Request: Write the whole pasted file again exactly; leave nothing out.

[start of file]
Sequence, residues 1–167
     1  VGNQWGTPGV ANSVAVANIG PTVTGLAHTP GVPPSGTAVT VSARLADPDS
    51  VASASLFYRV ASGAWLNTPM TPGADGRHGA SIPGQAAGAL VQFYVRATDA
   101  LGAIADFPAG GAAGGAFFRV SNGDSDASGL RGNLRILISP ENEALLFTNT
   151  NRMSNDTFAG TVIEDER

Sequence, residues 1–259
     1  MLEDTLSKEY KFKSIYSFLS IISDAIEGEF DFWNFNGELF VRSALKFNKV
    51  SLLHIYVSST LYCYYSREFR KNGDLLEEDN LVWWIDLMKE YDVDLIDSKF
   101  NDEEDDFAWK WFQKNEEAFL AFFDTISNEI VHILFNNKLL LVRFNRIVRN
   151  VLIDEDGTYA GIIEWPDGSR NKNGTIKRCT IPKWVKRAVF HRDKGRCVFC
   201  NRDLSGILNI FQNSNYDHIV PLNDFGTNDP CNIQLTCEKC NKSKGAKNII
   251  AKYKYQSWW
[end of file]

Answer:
Sequence, residues 1–167
     1  VGNQWGTPGV ANSVAVANIG PTVTGLAHTP GVPPSGTAVT VSARLADPDS
    51  VASASLFYRV ASGAWLNTPM TPGADGRHGA SIPGQAAGAL VQFYVRATDA
   101  LGAIADFPAG GAAGGAFFRV SNGDSDASGL RGNLRILISP ENEALLFTNT
   151  NRMSNDTFAG TVIEDER

Sequence, residues 1–259
     1  MLEDTLSKEY KFKSIYSFLS IISDAIEGEF DFWNFNGELF VRSALKFNKV
    51  SLLHIYVSST LYCYYSREFR KNGDLLEEDN LVWWIDLMKE YDVDLIDSKF
   101  NDEEDDFAWK WFQKNEEAFL AFFDTISNEI VHILFNNKLL LVRFNRIVRN
   151  VLIDEDGTYA GIIEWPDGSR NKNGTIKRCT IPKWVKRAVF HRDKGRCVFC
   201  NRDLSGILNI FQNSNYDHIV PLNDFGTNDP CNIQLTCEKC NKSKGAKNII
   251  AKYKYQSWW